Research-Article| Volume 72, ISSUE 10, P2834-2840, October 1989

Removal of Cholesterol from Milk Fat Using Supercritical Carbon Dioxide1

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      The ability of supercritical fluids to dissolve materials of low volatility was reported 109 yr ago. This technology has received increased attention lately because of increased energy costs, questioned use of organic solvents, and separation problems that defy solution. Supercritical fluids have enhanced solvent power as a liquid but also behave as gases with no surface tension. Selectivity of supercritical CO2 for cholesterol is a temperature-dependent and pressure-dependent phenomenon.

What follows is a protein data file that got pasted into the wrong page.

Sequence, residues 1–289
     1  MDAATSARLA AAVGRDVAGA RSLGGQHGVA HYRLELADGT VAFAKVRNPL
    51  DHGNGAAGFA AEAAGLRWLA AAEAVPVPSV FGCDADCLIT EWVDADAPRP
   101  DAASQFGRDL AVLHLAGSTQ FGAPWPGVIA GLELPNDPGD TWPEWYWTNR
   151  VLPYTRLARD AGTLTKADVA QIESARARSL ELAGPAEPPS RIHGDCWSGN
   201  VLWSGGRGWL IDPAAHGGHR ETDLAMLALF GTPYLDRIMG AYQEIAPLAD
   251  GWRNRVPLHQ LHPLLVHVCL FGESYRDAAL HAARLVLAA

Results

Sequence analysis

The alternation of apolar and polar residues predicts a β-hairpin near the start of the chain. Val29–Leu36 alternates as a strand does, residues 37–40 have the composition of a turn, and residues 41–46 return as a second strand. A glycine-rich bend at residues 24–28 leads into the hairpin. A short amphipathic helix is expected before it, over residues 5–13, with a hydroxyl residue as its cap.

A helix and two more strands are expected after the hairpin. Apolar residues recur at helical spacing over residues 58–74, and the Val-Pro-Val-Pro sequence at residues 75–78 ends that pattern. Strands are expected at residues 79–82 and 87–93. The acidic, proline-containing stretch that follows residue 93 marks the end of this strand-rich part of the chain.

In studies using ascending pressure profile extraction, milk fat contained in the extraction chamber was stripped of 90% of its cholesterol. Efficiency of separation was measured on each fraction collected at each pressure interval. Cholesterol was assayed using an AOAC procedure and gas chromatography. Distribution coefficients and selectivities calculated for two processes that were ideal in separation efficiency indicated that cholesterol can be effectively separated. Fatty acid composition plays a key role in supercritical extraction; short-chained acids complicate extraction.


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